Year of Publication

2016

Degree Name

Doctor of Philosophy (PhD)

Document Type

Doctoral Dissertation

College

Arts and Sciences

Department

Psychology

First Advisor

Dr. C. Nathan DeWall

Abstract

Aggression is a dynamic and costly feature of human behavior. One reliable cause of aggression is social rejection, though the underlying mechanisms of this effect remain to be fully understood. Previous research has identified two psychological processes that are independently linked to aggressive retaliation: pain and pleasure. Given recent findings that pain magnifies the experience of pleasure, I predicted that the pain of rejection would promote the pleasure of aggression and thus, aggression itself. I also expected that this indirect effect of aggressive pleasure would only be observed among individuals with weaker self-regulatory abilities that are necessary to cope with rejection’s sting. To test these hypotheses, I performed a functional neuroimaging experiment in which I acquired neural signatures of social pain and aggressive pleasure, as well as behavioral measures of aggression itself and self-regulatory abilities. Using a moderated-mediation approach, I observed that, among individuals high in self-regulatory abilities, neural signatures of social pain predicted less aggressive retaliation in response to social rejection. This effect was mediated by reduced activity in the brain’s reward network during retaliatory aggression. Among individuals low in self-regulatory abilities, no such effects on aggression were observed. These findings suggest that social pain can buffer individuals against aggressive behavior, but only when people have the self-regulatory ability to do so. Much of human action is motivated by pain and pleasure, understanding their roles in aggression is a critical step in eliminating such violence.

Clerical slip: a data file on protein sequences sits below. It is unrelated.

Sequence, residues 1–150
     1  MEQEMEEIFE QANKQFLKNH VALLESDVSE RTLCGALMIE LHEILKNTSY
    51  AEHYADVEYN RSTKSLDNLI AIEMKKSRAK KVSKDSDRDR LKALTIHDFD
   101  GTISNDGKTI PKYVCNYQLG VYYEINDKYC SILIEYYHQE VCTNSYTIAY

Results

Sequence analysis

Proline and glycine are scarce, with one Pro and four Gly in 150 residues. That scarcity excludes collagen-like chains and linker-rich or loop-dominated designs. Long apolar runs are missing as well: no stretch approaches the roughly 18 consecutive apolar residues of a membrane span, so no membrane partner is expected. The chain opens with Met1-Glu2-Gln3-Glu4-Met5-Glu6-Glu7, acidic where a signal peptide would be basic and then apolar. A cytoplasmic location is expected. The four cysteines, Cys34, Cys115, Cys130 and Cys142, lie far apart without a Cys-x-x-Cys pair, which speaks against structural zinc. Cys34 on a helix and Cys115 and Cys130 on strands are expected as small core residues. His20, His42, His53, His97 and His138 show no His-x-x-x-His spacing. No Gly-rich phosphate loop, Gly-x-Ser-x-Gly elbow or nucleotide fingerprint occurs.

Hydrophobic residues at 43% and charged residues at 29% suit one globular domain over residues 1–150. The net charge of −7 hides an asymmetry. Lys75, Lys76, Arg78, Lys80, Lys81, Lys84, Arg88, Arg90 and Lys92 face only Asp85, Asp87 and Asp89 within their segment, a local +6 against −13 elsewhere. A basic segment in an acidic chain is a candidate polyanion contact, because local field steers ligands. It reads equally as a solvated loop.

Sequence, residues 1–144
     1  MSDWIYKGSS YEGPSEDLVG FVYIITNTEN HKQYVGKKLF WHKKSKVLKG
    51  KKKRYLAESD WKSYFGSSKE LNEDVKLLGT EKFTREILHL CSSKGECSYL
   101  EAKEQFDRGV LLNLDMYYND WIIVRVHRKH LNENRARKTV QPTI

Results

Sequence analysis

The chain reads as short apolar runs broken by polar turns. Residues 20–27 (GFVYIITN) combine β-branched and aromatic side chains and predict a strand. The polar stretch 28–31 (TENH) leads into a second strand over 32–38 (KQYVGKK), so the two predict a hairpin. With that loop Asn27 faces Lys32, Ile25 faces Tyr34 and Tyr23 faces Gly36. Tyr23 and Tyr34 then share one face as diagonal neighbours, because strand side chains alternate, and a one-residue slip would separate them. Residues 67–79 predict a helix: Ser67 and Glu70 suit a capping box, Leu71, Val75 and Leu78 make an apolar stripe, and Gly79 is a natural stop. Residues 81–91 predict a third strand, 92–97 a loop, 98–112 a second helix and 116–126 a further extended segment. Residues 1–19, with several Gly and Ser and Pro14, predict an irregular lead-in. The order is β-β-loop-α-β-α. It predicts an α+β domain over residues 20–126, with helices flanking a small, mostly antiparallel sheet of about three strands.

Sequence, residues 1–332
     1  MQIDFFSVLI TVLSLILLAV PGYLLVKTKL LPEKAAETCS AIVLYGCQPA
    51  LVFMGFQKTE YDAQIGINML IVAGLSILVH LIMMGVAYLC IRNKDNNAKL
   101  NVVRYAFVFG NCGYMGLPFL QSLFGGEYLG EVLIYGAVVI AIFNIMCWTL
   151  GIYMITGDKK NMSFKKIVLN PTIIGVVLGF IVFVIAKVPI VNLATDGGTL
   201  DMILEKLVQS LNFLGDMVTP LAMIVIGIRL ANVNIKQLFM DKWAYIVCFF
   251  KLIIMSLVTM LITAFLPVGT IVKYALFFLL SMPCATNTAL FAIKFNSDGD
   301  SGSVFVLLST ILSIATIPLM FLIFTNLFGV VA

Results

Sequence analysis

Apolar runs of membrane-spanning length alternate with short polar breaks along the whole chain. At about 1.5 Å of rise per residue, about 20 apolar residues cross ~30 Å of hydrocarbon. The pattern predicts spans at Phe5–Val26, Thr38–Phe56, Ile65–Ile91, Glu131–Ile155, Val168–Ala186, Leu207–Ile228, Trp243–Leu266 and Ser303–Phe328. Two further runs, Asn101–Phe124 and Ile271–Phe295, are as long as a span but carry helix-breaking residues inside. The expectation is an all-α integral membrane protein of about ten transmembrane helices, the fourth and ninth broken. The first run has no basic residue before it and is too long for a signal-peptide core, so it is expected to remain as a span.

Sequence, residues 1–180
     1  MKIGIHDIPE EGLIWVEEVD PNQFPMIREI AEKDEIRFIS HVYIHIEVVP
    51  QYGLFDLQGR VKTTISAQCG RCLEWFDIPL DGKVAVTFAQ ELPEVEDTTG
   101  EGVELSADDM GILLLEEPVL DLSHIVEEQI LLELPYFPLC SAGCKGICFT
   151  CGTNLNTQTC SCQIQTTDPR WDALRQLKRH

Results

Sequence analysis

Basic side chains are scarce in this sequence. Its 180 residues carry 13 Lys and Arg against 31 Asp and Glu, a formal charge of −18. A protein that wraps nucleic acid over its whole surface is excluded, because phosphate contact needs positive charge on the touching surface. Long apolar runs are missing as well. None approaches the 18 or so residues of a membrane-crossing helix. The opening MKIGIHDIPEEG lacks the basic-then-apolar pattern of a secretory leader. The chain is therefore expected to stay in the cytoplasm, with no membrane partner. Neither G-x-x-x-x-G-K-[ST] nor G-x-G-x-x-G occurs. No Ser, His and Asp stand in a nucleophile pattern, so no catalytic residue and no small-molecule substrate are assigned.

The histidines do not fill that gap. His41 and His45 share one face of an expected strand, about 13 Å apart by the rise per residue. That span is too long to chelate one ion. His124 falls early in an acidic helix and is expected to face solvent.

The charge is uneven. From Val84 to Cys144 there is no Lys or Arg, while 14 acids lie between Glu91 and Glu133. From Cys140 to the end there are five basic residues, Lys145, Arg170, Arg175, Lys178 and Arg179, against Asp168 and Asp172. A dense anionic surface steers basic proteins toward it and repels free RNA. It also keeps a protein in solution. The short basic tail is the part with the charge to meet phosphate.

Digital Object Identifier (DOI)

http://dx.doi.org/10.13023/ETD.2016.092

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